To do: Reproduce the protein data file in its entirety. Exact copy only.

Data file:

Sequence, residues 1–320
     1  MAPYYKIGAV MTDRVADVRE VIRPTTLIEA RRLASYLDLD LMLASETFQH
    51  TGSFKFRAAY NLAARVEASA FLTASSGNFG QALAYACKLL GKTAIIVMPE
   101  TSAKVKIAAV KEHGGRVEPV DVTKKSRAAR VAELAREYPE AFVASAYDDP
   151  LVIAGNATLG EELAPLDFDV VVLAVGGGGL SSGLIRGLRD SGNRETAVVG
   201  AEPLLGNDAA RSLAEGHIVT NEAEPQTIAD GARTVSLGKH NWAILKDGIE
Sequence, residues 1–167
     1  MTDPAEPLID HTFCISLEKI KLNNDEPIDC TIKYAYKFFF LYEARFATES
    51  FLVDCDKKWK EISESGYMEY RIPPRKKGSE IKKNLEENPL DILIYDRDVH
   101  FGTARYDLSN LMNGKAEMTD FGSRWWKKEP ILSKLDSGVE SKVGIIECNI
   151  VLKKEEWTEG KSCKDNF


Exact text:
Sequence, residues 1–320
     1  MAPYYKIGAV MTDRVADVRE VIRPTTLIEA RRLASYLDLD LMLASETFQH
    51  TGSFKFRAAY NLAARVEASA FLTASSGNFG QALAYACKLL GKTAIIVMPE
   101  TSAKVKIAAV KEHGGRVEPV DVTKKSRAAR VAELAREYPE AFVASAYDDP
   151  LVIAGNATLG EELAPLDFDV VVLAVGGGGL SSGLIRGLRD SGNRETAVVG
   201  AEPLLGNDAA RSLAEGHIVT NEAEPQTIAD GARTVSLGKH NWAILKDGIE
Sequence, residues 1–167
     1  MTDPAEPLID HTFCISLEKI KLNNDEPIDC TIKYAYKFFF LYEARFATES
    51  FLVDCDKKWK EISESGYMEY RIPPRKKGSE IKKNLEENPL DILIYDRDVH
   101  FGTARYDLSN LMNGKAEMTD FGSRWWKKEP ILSKLDSGVE SKVGIIECNI
   151  VLKKEEWTEG KSCKDNF